Asthma affects roughly five million people in the UK – that’s 1 in 12 adults and 1 in 11 children. Despite being fairly common, it is poorly understood by those who don’t suffer from the condition. Research has shown that as much as 73% of people wouldn’t know what course of action to take if they were present when someone had a serious asthma attack. With this guide to asthma’s symptoms, causes and treatment options, you can better understand the condition and how it affects those who suffer from it.

Common Symptoms of Asthma

Asthma has a range of symptoms, which vary in severity and from person to person. Some asthma sufferers experience symptoms almost all the time, while others only have them occasionally. The most common symptoms are wheezing, coughing, shortness of breath and tightness in the chest. This tightness is sometimes described by sufferers as feeling like a band is tightening around the chest, restricting breathing. In a small minority of people, these symptoms are so severe that current medicines are ineffective, but for most asthma sufferers, it is a manageable condition.

Sometimes, symptoms can suddenly become worse, as the muscles surrounding the airways tighten, and their lining becomes inflamed. This is what’s known as an asthma attack. As well as the usual symptoms becoming more severe, an attack may also be accompanied by additional problems. These include rapid breathing, dizziness, blue lips and tightening of muscles in the neck and chest. During an attack, an asthma sufferer may find that medication that is normally effective doesn’t help to stop the symptoms from getting worse.

The Causes of Asthma Attacks

There are two main types of trigger for asthma attacks. For those with allergic asthma, attacks can be triggered by certain allergens. Common airborne allergens are animals, pollen and dust, but there may be others as well.

People who have non-allergic asthma may have attacks triggered by a range of different factors. For some, breathing in pollutants like cigarette smoke or traffic fumes can irritate the airways, making symptoms worse or triggering an attack. For others, it can be set off by exercise, stress or cold air, or by having an illness that affects the respiratory tracts, such as a cold or the flu.

Some people are affected by both allergic and non-allergic triggers. Whatever the triggers affecting an individual, people with asthma often find their symptoms are worse at night or in the mornings, making an attack more likely. This is because the body stops producing steroids while we sleep, and these help to control inflammation.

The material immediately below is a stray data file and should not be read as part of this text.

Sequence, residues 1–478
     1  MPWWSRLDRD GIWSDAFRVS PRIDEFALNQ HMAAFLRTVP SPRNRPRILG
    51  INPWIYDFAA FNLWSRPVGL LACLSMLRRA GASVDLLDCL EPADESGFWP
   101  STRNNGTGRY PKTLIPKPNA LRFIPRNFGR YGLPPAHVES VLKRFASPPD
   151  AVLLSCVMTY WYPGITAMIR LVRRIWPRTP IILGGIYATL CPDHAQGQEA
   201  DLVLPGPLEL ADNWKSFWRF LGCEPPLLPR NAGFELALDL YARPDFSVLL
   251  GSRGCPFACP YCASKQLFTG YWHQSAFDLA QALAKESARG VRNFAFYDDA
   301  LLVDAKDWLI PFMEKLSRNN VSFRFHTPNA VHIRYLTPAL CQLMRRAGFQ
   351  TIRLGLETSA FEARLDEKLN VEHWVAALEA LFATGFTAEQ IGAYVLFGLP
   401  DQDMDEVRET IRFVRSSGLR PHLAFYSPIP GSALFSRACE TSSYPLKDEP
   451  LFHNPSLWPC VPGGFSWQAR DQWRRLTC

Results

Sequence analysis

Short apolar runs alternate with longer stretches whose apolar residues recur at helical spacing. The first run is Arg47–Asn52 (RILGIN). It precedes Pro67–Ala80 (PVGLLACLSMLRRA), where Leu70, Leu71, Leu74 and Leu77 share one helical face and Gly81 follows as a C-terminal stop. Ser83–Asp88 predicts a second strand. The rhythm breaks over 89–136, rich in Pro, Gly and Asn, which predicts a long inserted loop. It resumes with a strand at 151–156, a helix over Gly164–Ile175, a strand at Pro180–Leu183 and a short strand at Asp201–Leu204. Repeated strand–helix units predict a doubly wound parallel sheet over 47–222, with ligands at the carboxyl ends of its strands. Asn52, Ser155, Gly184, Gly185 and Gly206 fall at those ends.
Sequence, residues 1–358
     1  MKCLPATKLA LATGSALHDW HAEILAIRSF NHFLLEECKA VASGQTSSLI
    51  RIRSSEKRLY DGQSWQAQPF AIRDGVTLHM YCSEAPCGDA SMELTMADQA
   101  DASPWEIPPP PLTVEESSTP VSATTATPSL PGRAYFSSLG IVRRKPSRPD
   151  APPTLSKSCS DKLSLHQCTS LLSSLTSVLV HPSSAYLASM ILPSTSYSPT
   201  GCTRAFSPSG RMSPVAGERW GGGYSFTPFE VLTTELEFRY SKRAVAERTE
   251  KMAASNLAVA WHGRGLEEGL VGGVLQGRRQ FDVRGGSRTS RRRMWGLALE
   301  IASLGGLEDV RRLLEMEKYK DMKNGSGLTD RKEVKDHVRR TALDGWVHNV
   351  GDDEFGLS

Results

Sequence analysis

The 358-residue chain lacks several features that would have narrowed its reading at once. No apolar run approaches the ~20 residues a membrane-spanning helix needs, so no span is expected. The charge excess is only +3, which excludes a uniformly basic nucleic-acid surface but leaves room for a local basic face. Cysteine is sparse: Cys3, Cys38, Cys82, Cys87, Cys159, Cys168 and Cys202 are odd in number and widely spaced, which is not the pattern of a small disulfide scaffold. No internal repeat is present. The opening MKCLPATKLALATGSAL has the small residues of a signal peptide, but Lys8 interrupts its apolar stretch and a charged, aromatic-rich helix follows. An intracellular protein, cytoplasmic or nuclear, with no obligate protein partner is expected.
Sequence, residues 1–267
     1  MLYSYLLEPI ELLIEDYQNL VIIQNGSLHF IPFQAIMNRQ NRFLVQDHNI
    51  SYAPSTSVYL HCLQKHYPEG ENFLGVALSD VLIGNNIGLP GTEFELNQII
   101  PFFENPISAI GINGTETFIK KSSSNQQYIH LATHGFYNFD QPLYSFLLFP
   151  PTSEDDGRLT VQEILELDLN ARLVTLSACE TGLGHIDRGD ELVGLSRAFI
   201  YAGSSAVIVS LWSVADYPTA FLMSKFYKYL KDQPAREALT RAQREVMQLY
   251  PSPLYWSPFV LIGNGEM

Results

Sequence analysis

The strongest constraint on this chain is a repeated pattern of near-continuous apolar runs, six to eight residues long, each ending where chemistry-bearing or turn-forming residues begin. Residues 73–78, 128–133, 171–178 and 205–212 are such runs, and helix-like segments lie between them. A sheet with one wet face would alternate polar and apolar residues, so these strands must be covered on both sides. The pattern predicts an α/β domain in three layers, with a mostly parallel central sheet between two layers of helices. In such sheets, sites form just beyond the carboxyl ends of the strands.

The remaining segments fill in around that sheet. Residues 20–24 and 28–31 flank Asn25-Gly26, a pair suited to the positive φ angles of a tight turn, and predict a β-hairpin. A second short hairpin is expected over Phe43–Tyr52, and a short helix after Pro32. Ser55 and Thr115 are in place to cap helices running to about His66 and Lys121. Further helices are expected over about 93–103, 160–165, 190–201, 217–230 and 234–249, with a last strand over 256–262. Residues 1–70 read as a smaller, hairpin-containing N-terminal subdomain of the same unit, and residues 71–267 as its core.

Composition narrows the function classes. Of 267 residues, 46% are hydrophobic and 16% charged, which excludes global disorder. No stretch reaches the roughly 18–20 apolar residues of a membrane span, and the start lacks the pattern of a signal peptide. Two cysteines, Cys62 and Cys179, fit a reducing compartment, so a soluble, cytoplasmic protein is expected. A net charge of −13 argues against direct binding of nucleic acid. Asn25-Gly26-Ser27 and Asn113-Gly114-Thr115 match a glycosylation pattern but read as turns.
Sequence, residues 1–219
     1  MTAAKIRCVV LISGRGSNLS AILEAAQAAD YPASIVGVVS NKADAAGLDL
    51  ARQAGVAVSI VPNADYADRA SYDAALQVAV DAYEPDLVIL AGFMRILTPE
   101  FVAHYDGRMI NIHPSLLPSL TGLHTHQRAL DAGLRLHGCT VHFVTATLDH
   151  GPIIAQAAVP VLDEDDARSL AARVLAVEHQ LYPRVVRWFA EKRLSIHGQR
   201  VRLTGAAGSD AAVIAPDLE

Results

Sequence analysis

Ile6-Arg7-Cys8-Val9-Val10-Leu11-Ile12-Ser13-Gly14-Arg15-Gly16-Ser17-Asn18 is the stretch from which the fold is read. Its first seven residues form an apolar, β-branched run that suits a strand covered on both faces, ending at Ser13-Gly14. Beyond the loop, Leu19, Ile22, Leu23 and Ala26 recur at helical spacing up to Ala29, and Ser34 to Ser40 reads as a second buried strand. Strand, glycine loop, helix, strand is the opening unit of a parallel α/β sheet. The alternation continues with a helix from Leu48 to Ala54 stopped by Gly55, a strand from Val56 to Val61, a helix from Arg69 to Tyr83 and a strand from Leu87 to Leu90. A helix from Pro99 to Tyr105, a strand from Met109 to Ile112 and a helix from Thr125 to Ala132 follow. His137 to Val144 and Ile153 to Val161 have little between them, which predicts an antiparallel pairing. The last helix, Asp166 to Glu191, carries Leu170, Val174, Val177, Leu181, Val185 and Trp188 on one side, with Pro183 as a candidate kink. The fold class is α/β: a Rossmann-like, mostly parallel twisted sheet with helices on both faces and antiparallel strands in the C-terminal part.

Prevention and Management

Knowing and understanding individual triggers is key to managing asthma and preventing attacks. Avoiding these triggers wherever possible will vastly reduce the likelihood of an attack; in particular, doing whatever possible to reduce or remove allergens from the home is highly important. Together with taking medication as instructed, this will greatly help improve the life of an asthma sufferer.

Developing a written asthma action plan with a healthcare professional helps to ensure that someone with asthma is doing everything possible to manage their condition. It helps people to recognise early warning signs so that they can take action effectively, and to keep on top of treatment. People who use an asthma action plan have been shown to be four times less likely to need hospital treatment as a result of their asthma.

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Treatment Options

There are various different treatments available for asthma, and a doctor will tailor them to the needs of the individual. Many of these medicines come in the form of an inhaler, which allows them to reach the lungs directly for greater effectiveness.

Some people require long-term, daily medicines to control their asthma. Preventative inhalers contain steroid medicines in low doses, to help control inflammation in the airways. These are usually taken twice daily, and gradually become more effective over time. Because of this, it’s important that someone prescribed a preventative inhaler doesn’t stop using it even if they feel well. In some situations, short courses of steroid tablets may be given as a preventative measure.

A different type of inhaler is used to treat symptoms as and when they appear, and can stop them from becoming worse if taken in time. Sometimes, those with asthma are given a plastic device called a spacer to use with their inhaler. Inhaling the medicine through the spacer helps more of it to reach the lungs, and makes using the inhaler easier. In an emergency, a nebuliser may be used. This creates a mist of medicine, providing more at once and helping it to get to the lungs.

Whichever type of drug treatment is recommended, using it as prescribed as part of an asthma action plan helps people to live full, normal lives and minimise their risk of attacks.

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